Some in-person MBA hopefuls might still ask: what about a part-time MBA program? Well, if you were always lowkey looking forward to forming a highkey coffee addiction, commuting to class after work and struggling to stay alert might be your thing. But if it’s not, you should know that part-time and online MBA programs suffer from the same major disadvantages, the most important of which is sacrificing job opportunities.

The whole goal of getting an MBA is getting an awesome post-MBA job, right? Full-time MBA programs offer a plethora of career resources, including on-campus presentations from recruiters, on-campus interviews with employers, and dedicated career counselors that are just a building away. These resources, which are either non-existent or less robust in online programs, may be the reason why the average salary three months after graduation is $127,000 for full-time MBA students and only $97,000 for their online counterparts.

Another downside of both the part-time and online MBA is missing out on the opportunity to live and learn with a bonded cohort of classmates for two years. The connections you make with your fellow students in a full-time MBA program will lay the foundation for a global network of professionals who can help open doors and grease wheels for you in the future – and who could even end up becoming the b-school Beyoncé to your Jay-Z, or vice versa (power couples unite!).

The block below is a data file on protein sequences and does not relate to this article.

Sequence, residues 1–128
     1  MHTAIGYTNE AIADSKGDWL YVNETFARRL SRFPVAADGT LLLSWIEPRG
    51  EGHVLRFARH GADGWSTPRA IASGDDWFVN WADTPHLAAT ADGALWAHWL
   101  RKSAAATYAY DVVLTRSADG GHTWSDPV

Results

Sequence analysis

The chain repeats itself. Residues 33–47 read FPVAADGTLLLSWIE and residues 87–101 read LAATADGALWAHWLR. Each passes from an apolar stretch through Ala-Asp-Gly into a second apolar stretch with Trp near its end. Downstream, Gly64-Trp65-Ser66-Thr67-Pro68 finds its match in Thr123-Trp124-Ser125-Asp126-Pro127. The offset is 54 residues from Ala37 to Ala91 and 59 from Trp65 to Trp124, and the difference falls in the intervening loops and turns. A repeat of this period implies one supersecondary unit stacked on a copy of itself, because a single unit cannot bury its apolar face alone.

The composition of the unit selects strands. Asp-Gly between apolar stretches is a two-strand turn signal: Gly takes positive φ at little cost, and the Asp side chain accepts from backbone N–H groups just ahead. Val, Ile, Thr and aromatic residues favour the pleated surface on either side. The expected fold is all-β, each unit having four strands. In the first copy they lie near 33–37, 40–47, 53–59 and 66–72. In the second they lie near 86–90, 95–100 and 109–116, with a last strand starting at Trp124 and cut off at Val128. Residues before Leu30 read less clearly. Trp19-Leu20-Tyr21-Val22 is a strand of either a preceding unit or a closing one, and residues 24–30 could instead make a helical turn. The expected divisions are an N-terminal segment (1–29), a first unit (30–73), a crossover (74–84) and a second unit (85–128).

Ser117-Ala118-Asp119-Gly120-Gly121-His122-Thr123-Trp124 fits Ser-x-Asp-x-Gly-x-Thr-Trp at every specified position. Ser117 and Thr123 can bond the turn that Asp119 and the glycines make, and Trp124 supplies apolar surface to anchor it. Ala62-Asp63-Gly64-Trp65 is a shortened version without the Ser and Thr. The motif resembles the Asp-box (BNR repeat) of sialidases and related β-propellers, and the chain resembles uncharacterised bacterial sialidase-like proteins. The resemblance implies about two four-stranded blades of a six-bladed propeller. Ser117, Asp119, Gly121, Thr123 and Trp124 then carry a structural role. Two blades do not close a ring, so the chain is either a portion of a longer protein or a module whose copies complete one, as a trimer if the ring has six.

>>>> Recommended Reading: 10 Undeniably Awesome Ways And MBA Can Change Your Life.

However, while an online MBA may not skyrocket your earnings or provide you with the expansive professional network of a full-time program, you can mitigate these downsides by choosing a program that offers a hybrid learning option, which is a combination of online and traditional in-class learning. This usually translates into a mix of online assignments with a few on-site classes or residencies per semester, giving you both the face-time and the flexibility that you need to maximize your career options post-MBA.